Combustible Celluloid
 
With: Johnny Whitworth, Zazie Beetz, Afton Williamson, Maurice McRae, Larry Pine, Jeremy Holm, Gia Crovatin, Danny Johnson, Justiin A. Davis, Rupert Simonian, Leopold Manswell, Steven Hauck, Lou Martini Jr., Tibor Feldman
Written by: Vlad Feier, Peter Gutter
Directed by: Vlad Feier
MPAA Rating: NR
Running Time: 99
Date: 08/28/2020
IMDB

Still Here (2020)

2 1/2 Stars (out of 4)

Gone Patrol

By Jeffrey M. Anderson

While some facets of Still Here feel rather tone-deaf, others are certainly spot-on, and the finished product, while not a particularly good mystery, at least becomes a decent, earnest social drama.

A young Black girl, Monique Watson, has gone missing. Her distraught father Michael (Maurice McRae) does everything he can, putting up flyers and doing his best to keep hoping, but knowing that police don't care about the misfortunes of a Black family. Star reporter Christian Baker (Johnny Whitworth) for the Chronicle is assigned to the case, and he discovers that a cab driver suddenly disappeared the same day as Monique.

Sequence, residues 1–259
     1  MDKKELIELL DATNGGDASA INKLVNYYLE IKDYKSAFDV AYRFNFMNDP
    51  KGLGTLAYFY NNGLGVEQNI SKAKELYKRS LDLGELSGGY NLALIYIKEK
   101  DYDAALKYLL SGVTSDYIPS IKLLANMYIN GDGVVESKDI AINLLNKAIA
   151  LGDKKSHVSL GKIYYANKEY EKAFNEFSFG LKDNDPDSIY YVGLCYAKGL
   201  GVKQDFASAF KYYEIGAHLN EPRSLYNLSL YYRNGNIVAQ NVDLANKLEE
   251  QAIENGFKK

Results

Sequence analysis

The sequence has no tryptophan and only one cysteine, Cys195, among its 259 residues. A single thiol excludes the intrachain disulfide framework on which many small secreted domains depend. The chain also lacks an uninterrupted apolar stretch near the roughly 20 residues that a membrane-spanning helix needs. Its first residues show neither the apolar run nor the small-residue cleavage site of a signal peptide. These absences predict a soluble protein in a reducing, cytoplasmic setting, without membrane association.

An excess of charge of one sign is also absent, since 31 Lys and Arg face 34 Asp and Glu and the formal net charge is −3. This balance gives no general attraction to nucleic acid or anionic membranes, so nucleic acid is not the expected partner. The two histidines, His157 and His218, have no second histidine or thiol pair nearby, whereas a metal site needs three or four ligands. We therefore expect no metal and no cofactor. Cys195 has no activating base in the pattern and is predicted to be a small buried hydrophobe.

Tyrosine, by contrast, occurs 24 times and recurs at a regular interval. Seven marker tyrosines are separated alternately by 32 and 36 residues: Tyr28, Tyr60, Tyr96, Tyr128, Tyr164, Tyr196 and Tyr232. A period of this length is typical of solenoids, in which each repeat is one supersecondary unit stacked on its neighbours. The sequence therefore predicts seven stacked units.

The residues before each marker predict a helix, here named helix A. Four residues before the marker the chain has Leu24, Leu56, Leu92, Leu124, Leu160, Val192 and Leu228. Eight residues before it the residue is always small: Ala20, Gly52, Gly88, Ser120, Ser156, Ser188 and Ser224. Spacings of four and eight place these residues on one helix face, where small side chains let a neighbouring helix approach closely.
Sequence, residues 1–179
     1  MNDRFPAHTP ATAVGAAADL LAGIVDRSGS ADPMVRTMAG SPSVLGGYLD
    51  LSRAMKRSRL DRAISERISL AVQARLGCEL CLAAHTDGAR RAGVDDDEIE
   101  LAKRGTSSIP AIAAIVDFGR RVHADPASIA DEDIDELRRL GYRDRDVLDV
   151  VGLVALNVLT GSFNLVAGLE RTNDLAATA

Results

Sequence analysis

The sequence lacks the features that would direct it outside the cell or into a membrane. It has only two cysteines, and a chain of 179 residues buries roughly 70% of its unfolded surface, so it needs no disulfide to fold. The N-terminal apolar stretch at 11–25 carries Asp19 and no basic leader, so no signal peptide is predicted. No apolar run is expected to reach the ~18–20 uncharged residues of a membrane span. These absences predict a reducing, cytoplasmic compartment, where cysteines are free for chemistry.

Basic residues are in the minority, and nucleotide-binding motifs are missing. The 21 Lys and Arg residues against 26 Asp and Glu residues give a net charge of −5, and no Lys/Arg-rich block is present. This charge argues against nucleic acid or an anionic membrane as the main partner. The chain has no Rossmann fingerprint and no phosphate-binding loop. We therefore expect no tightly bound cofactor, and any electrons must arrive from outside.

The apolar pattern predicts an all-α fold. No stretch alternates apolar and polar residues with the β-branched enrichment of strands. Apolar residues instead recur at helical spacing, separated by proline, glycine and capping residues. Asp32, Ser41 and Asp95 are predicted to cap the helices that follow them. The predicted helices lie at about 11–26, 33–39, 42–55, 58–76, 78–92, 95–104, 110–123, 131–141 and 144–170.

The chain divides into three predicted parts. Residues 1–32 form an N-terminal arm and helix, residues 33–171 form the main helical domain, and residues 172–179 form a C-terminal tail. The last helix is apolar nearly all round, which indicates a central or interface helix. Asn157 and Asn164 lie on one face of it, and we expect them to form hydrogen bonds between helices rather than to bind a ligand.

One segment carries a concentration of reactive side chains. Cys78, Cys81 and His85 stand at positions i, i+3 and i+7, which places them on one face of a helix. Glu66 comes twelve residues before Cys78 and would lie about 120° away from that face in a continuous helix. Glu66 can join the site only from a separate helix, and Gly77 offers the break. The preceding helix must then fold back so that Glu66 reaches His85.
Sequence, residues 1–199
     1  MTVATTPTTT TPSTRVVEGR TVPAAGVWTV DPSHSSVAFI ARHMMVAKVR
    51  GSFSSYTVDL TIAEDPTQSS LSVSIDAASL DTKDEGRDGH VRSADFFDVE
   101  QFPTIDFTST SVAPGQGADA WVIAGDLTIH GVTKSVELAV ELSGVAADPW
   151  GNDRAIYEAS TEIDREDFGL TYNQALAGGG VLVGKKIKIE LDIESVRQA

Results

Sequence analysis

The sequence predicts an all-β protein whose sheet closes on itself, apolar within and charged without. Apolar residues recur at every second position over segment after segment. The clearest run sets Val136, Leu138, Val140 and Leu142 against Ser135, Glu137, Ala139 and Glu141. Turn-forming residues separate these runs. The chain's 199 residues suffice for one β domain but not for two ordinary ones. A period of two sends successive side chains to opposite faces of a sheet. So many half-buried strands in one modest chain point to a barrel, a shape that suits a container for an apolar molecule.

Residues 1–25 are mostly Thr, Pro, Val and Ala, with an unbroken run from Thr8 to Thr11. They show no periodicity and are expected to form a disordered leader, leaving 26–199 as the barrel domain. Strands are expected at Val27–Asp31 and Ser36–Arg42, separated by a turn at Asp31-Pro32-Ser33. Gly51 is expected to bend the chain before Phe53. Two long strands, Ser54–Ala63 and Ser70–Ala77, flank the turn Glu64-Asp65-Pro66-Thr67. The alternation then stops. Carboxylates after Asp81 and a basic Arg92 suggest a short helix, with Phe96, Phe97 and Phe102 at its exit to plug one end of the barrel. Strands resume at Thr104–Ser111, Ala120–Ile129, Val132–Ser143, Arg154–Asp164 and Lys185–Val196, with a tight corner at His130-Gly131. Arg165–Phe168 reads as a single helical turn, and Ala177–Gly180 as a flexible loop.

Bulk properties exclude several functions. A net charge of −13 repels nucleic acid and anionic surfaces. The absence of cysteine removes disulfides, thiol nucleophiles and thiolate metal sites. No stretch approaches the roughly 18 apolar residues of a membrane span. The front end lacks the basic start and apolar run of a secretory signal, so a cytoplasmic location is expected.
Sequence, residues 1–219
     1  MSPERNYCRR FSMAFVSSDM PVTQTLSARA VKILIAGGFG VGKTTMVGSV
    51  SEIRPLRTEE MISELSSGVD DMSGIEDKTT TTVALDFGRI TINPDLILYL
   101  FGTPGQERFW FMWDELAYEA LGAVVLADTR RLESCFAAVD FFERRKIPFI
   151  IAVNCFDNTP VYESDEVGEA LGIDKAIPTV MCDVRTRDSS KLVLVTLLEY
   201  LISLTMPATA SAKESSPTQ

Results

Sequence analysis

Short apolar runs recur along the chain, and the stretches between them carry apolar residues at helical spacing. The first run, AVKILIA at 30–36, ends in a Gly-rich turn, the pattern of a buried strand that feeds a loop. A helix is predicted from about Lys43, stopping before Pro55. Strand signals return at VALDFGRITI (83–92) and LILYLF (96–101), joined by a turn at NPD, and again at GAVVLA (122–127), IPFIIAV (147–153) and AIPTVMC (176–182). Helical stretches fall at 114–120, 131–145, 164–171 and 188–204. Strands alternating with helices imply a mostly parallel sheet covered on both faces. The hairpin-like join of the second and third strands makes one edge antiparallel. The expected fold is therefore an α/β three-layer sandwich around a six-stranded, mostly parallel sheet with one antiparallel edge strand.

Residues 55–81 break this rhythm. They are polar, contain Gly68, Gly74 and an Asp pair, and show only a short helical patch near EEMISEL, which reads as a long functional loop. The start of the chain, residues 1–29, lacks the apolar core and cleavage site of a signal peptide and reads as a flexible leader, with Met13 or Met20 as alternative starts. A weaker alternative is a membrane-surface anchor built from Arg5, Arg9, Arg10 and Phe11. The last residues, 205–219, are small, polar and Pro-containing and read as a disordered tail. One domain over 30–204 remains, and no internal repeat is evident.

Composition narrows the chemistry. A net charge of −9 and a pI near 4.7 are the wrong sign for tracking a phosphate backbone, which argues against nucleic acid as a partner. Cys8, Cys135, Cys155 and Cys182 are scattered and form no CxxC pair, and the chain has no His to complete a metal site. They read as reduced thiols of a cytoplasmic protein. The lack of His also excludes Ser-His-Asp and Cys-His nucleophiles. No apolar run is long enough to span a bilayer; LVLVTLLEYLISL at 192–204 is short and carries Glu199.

Christian's hunch turns out to be wrong, but it gets police detectives Spaulding (Jeremy Holm) and Evans (Danny Johnson) back on the case. Hoping to put things right, Christian continues to investigate, finally finding his first useful clue after speaking to Keysha (Zazie Beetz). But is it too late to save Monique?

A feature directing debut by Vlad Feier, Still Here relies on multiple characters, with varied success. Perhaps the most troubling is Christian Baker, who seems to be channelling Kurt Russell with his amazing hair and his raspy murmuring delivery, and who seems remarkably clueless when it comes to communicating with the Black characters. (He could be considered a "white savior.") Later, he writes about "kindness," which is a great message, but he himself doesn't seem to have expressed any.

Detective Spaulding, a white, is shown being a good father and comfortable with his Black partner, but also horribly racist and violent when dealing with Black suspects. (He's also given a strangely out-of-place bit of dialogue, questioning the rightness of the job.) Fortunately, the Watson family seems fairly positive, a loving family, proud, but not naïve about the realities of their world.

Despite some wobbly camerawork and awkward montages, the story itself is competently told, though it loses suspense by not introducing all the key characters early. (Zazie Beetz has only one scene, late in the film.) The acting is fine across the board. At best, Still Here could perhaps stimulate good conversations with the sober, sincere way it delivers its message.

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